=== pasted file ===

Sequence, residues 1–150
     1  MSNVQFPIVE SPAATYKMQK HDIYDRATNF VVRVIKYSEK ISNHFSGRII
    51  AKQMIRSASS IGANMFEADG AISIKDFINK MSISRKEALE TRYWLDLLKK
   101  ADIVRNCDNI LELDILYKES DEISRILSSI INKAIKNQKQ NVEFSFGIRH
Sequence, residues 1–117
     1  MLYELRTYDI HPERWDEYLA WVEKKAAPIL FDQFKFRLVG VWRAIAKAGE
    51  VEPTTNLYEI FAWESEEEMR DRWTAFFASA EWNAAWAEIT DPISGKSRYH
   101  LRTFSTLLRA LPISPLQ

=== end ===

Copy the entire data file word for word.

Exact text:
Sequence, residues 1–150
     1  MSNVQFPIVE SPAATYKMQK HDIYDRATNF VVRVIKYSEK ISNHFSGRII
    51  AKQMIRSASS IGANMFEADG AISIKDFINK MSISRKEALE TRYWLDLLKK
   101  ADIVRNCDNI LELDILYKES DEISRILSSI INKAIKNQKQ NVEFSFGIRH
Sequence, residues 1–117
     1  MLYELRTYDI HPERWDEYLA WVEKKAAPIL FDQFKFRLVG VWRAIAKAGE
    51  VEPTTNLYEI FAWESEEEMR DRWTAFFASA EWNAAWAEIT DPISGKSRYH
   101  LRTFSTLLRA LPISPLQ